Turning to the PS64E8000’s picture specifications, it’s a full HD panel featuring the highest level of Samsung’s plasma panel design, complete with a filter to boost black levels to levels that will hopefully rival those of Panasonic’s outstanding current plasma range.
Serious movie fans will also be happy to note that the PS64E8000 is well-equipped with picture calibration tools, including a cell light adjustment on top of the usual contrast and brightness tools, plus extensive white balance adjustments and gamma controls.
Even to our post-CES eyes, the PS64E8000 quickly establishes itself as a remarkably classy performer - especially if you’re a regular watcher of Blu-rays.
The main reason for this, as usual with good plasma TVs, is the black level depth the screen can deliver. During run-throughs of our current favourite dark films, The Dark Knight Rises and the last Harry Potter film, it reproduced dark scenes with scarcely a trace of the grey overtone still seen with many flat panel TVs. Arguably even better, plasma’s self-emissive technology ensures that the screen’s black levels remain consistent right across the screen; there are none of the unevenly lit ‘clouds’ in parts of the picture commonly witnessed with rival LCD technology (particuarlrly the edge LED-lit versions). This enables you to get much more immersed in the action.
Yet more good news concerning the PS64E8000’s presentation of dark scenes is that the exceptional black level depths aren’t achieved at the expense of shadow detail. In fact, you can see subtle bits of picture information in the darkest corners of images that you wouldn’t have a hope of seeing on the vast majority of LCD TVs, since LCD models can’t deliver illumination levels down to the pixel level of precision that plasma can.
All these factors add up to the PS64E8000 producing dark scenes with a rare integrity that’s perfectly suited to film viewing.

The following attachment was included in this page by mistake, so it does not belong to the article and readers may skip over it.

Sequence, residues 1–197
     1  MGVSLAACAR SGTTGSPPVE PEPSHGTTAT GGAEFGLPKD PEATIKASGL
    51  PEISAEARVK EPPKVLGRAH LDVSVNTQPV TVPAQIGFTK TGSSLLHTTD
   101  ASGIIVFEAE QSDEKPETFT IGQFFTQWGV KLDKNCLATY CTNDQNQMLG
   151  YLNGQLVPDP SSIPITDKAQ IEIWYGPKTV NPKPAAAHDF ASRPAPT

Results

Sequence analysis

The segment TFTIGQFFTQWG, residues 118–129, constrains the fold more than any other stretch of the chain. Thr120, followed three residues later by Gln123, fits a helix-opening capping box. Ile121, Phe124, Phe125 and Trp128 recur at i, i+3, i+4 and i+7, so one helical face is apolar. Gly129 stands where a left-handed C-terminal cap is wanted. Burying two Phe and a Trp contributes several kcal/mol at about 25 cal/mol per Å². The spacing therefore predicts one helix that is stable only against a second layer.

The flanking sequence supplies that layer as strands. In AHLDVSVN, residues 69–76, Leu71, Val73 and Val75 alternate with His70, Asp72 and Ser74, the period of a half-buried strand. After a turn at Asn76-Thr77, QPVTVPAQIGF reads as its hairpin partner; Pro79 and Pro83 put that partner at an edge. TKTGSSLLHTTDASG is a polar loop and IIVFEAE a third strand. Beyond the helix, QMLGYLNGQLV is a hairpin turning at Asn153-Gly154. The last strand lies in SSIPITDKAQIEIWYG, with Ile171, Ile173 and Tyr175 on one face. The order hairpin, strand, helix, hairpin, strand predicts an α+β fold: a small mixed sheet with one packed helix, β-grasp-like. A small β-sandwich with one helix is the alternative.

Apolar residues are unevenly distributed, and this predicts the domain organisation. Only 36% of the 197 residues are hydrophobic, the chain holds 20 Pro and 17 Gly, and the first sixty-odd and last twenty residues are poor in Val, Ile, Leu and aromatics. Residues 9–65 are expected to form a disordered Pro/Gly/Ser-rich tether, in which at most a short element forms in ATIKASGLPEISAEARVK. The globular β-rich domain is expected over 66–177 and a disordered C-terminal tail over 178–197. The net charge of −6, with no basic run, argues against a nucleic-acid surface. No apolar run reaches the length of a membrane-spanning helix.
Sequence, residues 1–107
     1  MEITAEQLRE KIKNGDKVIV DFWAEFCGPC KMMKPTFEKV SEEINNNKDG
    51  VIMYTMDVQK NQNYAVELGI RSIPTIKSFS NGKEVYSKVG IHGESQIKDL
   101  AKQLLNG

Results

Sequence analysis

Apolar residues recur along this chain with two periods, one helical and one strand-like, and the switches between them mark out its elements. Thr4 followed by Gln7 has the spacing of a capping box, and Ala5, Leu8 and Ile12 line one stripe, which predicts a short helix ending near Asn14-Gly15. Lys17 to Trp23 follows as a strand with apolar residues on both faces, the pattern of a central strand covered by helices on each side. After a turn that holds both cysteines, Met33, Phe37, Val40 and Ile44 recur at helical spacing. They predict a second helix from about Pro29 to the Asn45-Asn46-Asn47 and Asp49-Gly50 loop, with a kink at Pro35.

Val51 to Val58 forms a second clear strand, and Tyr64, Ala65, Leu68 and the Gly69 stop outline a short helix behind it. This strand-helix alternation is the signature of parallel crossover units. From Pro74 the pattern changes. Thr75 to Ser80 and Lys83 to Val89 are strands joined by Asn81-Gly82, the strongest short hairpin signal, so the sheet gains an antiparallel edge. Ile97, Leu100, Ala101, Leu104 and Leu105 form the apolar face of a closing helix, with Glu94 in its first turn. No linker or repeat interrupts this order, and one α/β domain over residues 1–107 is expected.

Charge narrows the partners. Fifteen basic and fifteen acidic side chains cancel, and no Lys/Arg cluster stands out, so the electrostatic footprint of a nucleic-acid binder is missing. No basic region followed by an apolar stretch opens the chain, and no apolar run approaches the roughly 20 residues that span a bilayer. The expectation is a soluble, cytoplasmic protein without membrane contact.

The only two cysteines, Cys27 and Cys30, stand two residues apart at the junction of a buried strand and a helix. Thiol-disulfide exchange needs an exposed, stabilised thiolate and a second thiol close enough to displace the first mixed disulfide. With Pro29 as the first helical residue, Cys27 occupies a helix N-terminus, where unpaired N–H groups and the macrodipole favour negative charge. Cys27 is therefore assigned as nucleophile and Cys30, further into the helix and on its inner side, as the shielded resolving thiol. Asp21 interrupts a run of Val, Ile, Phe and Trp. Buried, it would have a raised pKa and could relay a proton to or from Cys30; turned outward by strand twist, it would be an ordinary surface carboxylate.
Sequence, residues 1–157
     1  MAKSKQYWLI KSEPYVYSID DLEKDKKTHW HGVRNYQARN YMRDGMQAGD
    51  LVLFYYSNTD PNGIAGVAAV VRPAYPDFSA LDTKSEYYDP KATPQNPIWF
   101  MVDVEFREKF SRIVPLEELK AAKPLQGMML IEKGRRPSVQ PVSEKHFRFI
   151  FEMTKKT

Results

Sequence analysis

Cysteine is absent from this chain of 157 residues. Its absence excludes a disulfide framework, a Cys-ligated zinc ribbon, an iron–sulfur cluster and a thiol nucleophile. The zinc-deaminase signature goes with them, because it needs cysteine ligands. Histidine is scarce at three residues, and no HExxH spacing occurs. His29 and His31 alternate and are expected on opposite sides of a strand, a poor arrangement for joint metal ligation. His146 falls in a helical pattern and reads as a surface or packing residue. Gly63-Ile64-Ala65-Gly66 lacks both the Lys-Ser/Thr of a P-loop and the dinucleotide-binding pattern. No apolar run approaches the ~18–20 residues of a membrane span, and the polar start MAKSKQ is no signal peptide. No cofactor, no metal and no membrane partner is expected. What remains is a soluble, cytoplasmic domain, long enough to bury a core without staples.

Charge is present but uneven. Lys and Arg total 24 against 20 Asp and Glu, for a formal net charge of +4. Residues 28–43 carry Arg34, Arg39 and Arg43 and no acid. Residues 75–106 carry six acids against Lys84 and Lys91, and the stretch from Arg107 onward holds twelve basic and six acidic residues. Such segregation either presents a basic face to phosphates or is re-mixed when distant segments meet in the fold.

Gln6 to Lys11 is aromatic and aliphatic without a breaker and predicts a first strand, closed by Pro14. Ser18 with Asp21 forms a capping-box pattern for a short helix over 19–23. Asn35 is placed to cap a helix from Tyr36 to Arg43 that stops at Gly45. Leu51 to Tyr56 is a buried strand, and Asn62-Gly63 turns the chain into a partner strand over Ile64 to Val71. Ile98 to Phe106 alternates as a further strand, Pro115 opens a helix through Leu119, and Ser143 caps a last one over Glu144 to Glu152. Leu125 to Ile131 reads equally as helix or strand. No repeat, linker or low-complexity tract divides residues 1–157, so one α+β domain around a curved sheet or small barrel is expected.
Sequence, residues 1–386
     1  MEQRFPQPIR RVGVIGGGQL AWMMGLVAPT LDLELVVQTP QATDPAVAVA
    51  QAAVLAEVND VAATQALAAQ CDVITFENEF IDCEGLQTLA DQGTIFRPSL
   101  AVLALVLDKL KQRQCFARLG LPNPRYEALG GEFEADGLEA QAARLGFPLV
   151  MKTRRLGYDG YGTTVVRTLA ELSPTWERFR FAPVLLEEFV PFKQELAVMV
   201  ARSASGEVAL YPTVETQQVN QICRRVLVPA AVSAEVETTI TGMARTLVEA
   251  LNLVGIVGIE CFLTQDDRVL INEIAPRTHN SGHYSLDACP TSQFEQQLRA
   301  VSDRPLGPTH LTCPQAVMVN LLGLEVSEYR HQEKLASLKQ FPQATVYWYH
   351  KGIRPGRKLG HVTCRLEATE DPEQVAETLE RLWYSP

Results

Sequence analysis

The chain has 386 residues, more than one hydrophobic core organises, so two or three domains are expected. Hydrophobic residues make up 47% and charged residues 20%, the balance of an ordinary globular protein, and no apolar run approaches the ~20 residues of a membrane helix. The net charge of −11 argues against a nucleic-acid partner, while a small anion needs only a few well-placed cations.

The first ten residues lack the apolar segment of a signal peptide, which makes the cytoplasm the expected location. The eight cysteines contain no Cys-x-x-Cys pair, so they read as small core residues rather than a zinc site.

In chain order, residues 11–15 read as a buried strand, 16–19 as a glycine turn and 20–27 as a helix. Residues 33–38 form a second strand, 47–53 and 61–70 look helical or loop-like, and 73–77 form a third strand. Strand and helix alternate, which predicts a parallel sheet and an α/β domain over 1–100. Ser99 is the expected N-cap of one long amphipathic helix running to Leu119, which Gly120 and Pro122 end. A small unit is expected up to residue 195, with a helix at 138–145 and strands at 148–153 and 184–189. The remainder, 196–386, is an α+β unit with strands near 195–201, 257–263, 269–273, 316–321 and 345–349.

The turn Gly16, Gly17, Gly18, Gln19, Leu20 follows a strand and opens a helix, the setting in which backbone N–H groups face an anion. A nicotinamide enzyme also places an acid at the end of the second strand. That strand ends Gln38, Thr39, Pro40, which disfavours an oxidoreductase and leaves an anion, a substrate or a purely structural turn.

As we so often find, moreover, the excellent black reproduction from the PS64E8000 helps it produce a really strong colour palette too. Even reds and greens, so commonly overdone with plasma technology, look bold and well balanced within the palette. Points are also earned by how much subtlety you get in blends, as the screen suffers relatively little - even in 3D mode - with the sort of striping/banding plasma screens commonly produce.
If we have any issue with the set’s colours, it’s that skin tones tend to look either a touch orangey or a touch over-pink. You can reduce this problem via the colour management tools, but we didn’t feel we ever completely cracked it.
Getting swiftly back to the good stuff, the PS64E8000’s HD pictures are outstandingly sharp and detailed. The smallest textures in the most highly detailed Blu-ray transfers are effortlessly rendered, gaining extra impact from the fact that they’re appearing on a screen as big as 64in.
It helps the sense of image clarity, too, that the PS64E8000 handles motion exceptionally well, suffering practically none of the blurring so common in the LCD world, and also not being troubled much by the judder that can afflict cheaper plasma TVs. In fact, the PS64E8000 outperforms even Panasonic’s mighty plasmas where motion is concerned in that it suffers less obviously with fizzing noise over skin tones.